Bone-in poultry products that are injected or marinated with a solution containing butter or other edible fat, broth, stock, or water plus spices, flavor enhancers, and other approved substances must be labeled as basted or self-basted. The maximum added weight of approximately 3% solution before processing is included in the net weight on the label. The label must include a statement identifying the total quantity and common or usual name of all ingredients in the solution, e.g., “Injected with approximately 3% of a solution of (list of ingredients).”

Made in the USA

Nearly all chickens and chicken products sold in the US come from chickens hatched, raised, and processed in the US. The only exception is a small amount imported from Canada, which has food safety and quality standards equal to our own.

To clear up any confusion regarding chicken and China, the USDA has issued this statement:

The Food Safety and Inspection Service released the following statement following a press release from Senator Chuck Schumer’s office regarding equivalency for China’s poultry slaughter system.

“USDA has not found China’s poultry slaughter system to be equivalent and therefore poultry slaughtered in China is not allowed to be imported to the United States. The U.S. food supply is among the safest in the world, and the Food Safety Inspection Service is dedicated to maintaining that status.”

 Updated 2-17-21

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  1. Bill Stock says:

    “BASTED or SELF BASTED ” USDA rules allow up to 8 % added water, without labeling, occurring thru the cooling process of the eviscerated carcass. Above that I have seen chicken & turkey with labels adding from 8-19 % of a liquid– study your store labels. Increased yield for mfg., you pay for it, does make meat more moist & tender. Dry cooled chicken has no added moisture and costs more.

  2. Gehugh says:

    Know your farmer, know your grocer and know your restaurateur. If you can’t trust any of them, grow your own. As for products you buy at fast food restaurants…you get what you pay for!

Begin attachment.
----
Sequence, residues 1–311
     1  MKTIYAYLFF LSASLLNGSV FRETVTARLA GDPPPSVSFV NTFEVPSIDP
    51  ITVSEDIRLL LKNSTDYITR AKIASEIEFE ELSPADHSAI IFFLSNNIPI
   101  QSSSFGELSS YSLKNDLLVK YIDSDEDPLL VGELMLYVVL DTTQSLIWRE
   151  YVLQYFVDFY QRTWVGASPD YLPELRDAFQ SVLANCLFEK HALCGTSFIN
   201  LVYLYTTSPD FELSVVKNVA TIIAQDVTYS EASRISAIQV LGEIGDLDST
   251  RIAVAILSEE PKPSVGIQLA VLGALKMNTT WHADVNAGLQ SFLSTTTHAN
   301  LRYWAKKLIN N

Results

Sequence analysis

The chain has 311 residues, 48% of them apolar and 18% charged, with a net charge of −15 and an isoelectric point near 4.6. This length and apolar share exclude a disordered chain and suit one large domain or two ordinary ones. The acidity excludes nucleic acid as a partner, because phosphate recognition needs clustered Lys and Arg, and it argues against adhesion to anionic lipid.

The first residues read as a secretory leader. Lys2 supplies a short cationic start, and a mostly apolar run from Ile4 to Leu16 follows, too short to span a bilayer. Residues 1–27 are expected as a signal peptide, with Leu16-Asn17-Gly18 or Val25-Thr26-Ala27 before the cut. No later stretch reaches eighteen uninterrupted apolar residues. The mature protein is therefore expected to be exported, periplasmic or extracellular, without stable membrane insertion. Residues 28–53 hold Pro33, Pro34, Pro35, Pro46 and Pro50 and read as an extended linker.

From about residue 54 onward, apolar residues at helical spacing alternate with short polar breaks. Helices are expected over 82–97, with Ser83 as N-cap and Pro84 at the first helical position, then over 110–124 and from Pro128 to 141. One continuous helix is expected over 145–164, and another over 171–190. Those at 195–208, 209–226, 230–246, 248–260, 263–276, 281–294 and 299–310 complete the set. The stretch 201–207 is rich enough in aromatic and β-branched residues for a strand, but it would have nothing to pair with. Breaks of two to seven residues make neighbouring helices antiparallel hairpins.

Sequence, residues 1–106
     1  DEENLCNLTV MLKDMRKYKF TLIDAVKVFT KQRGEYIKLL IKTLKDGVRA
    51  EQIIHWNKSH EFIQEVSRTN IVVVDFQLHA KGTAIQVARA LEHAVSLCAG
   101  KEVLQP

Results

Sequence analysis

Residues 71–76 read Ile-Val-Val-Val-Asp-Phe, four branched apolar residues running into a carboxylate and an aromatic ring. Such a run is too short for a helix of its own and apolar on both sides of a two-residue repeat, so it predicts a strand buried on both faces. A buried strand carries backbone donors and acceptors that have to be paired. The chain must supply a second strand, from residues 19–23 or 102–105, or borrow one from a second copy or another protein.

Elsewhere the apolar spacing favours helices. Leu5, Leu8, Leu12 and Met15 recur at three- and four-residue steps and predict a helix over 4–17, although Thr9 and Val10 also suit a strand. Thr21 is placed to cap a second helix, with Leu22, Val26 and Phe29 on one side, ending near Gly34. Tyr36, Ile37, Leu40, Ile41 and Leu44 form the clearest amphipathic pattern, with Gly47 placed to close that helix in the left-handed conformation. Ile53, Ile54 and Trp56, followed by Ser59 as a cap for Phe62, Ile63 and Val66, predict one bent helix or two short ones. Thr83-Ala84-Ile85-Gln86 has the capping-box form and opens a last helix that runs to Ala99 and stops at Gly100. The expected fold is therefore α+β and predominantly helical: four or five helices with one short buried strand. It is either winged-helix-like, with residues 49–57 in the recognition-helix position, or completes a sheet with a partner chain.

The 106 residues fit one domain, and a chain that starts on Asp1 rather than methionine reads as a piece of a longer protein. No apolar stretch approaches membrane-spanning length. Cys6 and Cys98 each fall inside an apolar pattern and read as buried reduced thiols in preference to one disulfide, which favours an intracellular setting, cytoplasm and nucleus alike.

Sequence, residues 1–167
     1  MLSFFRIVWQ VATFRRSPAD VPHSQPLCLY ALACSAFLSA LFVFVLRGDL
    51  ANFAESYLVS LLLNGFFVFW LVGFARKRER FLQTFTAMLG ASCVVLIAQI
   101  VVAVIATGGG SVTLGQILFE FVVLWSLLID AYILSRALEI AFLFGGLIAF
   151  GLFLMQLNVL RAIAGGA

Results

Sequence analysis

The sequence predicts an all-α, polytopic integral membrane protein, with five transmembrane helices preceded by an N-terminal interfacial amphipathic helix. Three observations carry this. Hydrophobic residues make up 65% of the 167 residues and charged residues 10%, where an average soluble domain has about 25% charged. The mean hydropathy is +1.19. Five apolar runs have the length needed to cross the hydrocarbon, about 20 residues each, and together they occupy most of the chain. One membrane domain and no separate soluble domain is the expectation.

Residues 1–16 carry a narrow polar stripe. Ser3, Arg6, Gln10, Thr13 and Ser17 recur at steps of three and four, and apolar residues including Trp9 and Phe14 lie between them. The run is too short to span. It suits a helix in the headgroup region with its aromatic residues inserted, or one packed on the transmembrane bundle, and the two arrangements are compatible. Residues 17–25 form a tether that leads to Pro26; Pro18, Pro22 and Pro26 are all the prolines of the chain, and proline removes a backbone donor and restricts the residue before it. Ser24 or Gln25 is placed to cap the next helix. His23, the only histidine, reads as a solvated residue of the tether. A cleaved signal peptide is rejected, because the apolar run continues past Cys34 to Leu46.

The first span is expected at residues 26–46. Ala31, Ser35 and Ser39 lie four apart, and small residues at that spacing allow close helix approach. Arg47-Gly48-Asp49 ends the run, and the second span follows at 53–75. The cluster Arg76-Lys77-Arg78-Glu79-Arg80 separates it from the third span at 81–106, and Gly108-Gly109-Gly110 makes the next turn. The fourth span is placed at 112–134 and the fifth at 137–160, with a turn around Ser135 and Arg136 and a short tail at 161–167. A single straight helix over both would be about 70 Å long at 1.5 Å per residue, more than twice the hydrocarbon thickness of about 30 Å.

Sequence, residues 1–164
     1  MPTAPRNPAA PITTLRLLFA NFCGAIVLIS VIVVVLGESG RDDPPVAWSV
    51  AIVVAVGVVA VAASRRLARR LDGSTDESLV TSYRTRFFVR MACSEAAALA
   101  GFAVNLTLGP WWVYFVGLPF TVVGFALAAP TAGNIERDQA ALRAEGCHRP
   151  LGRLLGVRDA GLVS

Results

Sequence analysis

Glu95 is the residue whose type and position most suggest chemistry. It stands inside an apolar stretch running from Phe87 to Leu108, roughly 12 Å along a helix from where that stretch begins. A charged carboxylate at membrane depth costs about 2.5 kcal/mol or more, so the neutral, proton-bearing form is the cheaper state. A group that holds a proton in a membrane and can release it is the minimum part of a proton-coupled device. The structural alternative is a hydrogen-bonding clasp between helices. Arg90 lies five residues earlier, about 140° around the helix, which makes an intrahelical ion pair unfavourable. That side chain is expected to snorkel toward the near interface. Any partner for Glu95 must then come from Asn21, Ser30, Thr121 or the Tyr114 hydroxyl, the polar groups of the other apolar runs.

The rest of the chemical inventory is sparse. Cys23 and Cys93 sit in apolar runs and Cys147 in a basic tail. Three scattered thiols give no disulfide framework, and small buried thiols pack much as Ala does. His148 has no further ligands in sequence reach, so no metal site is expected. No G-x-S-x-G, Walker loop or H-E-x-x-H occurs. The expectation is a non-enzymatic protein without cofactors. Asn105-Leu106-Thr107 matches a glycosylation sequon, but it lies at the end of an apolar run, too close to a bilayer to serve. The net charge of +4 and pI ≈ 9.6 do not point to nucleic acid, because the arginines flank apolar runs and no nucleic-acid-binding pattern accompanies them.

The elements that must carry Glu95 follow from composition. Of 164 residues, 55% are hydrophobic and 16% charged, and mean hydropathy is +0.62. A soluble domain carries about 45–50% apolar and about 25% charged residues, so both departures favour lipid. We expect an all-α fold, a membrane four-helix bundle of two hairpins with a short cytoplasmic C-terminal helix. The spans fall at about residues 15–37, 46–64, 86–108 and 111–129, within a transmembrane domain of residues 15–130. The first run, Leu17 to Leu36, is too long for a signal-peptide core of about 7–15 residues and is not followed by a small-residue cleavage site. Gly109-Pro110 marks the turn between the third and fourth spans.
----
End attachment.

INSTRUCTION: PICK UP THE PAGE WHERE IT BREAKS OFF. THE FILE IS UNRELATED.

3. Danielle says:

    I buy organic chicken too, both to avoid gmo corn and soy ( major igredients in chicken feed), and to avoid contributing to all the roundup and other toxins used to grow them. But we eat very little chicken. I would point out though that since antibiotic use in animal husbandry is completely out of control and a leading cause of drug-resistant bacterial resistance, it is worth it to buy chicken raised without. If their living conditions are wretched enough to require constant antibiotic use, I will pass on eating their meat.

  4. Shari Graham says:

    Yes, I am willing to pay more for my organic chicken (and beef) because you are not just putting the chicken product in your body, you are also consuming all that the chicken ingested. If the chicken is eating GMO foods then so am I and I am not willing to do that.

  5. Rock says:

    “Made in the USA.
    Nearly all chickens and chicken products sold in the US come from
    chickens hatched, raised and processed in the US. The only exception is a
    small amount imported from Canada, which has food safety and quality
    standards equal to our own.”

    This soon (if not already) will not be true when they start major chicken processing in China. Will you update this when that happens? What should we be looking for then? What about chicken used in restaurants?

  6. kelly says:

    I would like to see a follow-up post regarding injecting chicken and other meats with “solution” and if it is worth it to look for meat that “has no solution added”

  7. Linnea Priest says:

    Our local co-op checks out the sources of the products that it sells, so I feel comfortable buying their locally-sourced eggs and chicken, even if they aren’t organic. They are at least ethical and the animals are treated humanely.

  8. Sarah Hamaker says:

    I’m not as concerned about organic or other labels on chicken, however–and this is a huge however–I am concerned with how chickens are processed, namely how plants use chemicals to ensure a safe food supply so they can ram more chickens through at a time. My advice is to find local farms and order your meat from there. Yes, it costs a bit more but knowing that the chicken in my freezer has not be sprayed with massive chemicals, washed and processed is worth it. Besides, there’s much less worry over any potential recalls.